On behalf of the Centre for Missing and Abused Children, their president Tomislav Ramljak emphasised that the Centre brings together a large number of experts, primarily psychologists, who have extensive experience from the migrant crisis which took place back in 2015.

"Back then, we put a lot of effort into working with children on their integration into society and providing psychosocial assistance, and we'll apply this to an even greater extent in this refugee crisis. The emphasis is being primarily placed on working with children. So, on Monday at the Cultural Centre in Osijek, we'll start with something called children's corner, where the needs and condition of the children will be assessed, and they'll also start learning Croatian. Our wish is to be able to include these children in educational processes as soon as possible. Recovery and integration into our environment are the basic tasks. We want them to enter into a routine, because in times of crisis, routine means security,'' said Ramljak, while Osijek Deputy Mayor Dragan Vulin stressed that Osijek has readily made all of its resources available as the refugee crisis continues.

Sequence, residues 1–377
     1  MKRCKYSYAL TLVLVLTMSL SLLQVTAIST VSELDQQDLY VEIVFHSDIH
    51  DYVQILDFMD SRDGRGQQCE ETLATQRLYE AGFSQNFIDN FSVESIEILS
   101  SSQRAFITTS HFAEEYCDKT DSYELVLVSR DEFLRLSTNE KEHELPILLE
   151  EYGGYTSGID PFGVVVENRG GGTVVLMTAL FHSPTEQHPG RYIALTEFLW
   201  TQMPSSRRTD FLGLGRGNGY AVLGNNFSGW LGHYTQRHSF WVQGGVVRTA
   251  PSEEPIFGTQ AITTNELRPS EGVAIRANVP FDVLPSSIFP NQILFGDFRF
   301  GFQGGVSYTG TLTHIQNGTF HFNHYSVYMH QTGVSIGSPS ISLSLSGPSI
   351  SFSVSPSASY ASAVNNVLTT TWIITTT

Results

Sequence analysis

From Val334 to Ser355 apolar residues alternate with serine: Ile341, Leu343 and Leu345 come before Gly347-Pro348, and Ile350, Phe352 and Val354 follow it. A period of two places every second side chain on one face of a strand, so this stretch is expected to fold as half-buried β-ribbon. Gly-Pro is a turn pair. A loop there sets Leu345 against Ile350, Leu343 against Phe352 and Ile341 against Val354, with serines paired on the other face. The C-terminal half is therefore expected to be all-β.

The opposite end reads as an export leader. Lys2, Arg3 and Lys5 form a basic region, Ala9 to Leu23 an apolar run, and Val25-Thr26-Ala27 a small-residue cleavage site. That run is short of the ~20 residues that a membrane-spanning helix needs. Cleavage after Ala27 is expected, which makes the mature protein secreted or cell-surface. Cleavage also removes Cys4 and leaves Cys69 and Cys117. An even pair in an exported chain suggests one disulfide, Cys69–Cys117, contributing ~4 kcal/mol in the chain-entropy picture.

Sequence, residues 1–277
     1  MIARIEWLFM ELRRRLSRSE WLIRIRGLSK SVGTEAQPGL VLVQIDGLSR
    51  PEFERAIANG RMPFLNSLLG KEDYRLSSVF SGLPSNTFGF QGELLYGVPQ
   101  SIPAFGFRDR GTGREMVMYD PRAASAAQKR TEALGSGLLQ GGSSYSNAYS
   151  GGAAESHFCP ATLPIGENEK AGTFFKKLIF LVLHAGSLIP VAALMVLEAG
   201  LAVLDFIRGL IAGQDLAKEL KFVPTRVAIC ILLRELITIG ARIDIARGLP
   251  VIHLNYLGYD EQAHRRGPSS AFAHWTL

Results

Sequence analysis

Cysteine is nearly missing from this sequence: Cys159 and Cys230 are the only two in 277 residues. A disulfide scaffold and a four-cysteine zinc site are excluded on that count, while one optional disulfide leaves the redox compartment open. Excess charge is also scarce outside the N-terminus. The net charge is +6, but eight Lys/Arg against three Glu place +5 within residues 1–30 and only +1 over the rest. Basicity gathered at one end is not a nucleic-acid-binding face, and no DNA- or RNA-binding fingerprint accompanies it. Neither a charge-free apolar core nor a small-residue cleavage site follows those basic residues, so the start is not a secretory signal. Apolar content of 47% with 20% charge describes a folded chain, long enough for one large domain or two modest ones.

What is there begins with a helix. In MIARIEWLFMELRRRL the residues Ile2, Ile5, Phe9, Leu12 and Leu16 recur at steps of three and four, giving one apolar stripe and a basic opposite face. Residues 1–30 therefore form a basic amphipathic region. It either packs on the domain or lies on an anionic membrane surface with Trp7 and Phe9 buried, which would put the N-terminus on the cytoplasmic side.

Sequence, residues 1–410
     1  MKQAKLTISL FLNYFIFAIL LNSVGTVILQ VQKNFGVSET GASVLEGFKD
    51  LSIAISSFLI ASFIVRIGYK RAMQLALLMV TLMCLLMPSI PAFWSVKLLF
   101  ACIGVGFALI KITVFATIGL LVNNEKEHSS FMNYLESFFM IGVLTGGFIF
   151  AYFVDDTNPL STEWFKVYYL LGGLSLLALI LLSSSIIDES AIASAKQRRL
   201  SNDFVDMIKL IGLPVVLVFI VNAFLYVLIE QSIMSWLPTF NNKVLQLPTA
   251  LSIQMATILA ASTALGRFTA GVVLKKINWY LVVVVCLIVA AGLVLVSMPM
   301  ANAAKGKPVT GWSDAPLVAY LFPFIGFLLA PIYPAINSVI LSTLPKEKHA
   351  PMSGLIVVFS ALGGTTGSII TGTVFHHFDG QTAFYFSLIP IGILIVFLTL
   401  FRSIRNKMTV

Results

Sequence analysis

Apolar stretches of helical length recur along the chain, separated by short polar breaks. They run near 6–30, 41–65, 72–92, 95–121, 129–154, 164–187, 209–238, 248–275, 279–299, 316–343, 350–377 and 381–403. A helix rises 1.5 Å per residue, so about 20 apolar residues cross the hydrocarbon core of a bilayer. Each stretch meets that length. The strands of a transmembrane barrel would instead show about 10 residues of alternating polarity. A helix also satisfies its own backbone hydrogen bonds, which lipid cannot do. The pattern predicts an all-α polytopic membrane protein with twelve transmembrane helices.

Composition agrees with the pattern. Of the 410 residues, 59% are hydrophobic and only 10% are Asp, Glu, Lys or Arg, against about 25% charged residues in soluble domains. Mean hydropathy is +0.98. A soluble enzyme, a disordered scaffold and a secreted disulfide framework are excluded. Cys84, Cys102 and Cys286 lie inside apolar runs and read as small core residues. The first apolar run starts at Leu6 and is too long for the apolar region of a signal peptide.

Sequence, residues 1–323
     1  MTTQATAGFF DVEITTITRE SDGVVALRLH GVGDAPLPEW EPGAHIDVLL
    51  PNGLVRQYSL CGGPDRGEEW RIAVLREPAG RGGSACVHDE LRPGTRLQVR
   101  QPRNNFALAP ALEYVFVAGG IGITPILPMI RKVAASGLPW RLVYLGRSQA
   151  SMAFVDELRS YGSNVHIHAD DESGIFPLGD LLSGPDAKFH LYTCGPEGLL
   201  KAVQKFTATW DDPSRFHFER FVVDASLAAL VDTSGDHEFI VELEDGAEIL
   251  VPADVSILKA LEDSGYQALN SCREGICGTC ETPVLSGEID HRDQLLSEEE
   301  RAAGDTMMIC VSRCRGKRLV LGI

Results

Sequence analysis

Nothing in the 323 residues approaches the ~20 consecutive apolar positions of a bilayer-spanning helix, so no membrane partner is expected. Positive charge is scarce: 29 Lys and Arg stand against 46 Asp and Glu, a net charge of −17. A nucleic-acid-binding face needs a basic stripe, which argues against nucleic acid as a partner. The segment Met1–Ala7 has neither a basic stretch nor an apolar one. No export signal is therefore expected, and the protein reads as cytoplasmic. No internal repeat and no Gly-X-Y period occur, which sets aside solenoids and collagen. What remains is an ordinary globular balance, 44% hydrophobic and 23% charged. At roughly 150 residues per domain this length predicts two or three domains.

Some Ukrainian children have already started attending school, the refugees are provided with free public transport, theatre performances will be organised for them, and it is planned to soon enable the integration of these displaced Ukrainian children into local kindergartens and sports clubs.

Lukic made sure to thank the residents of Osijek-Baranja County who offered up their accommodation for refugees in vacant facilities, as well as those in which they live. He also thanked the many companies, banks included, that were involved in providing assistance, such as Saponia, which provided storage space with equipment and NK Osijek, which offered to pay for accommodation for Ukrainian refugee families.

For more on the ongoing Ukrainian conflict and refugee crisis, make sure to keep up with our politics section.

Friday, 11 March 2022

Ukrainian Artists Invited to Perform in New Production of Tosca in National Theatre in Zagreb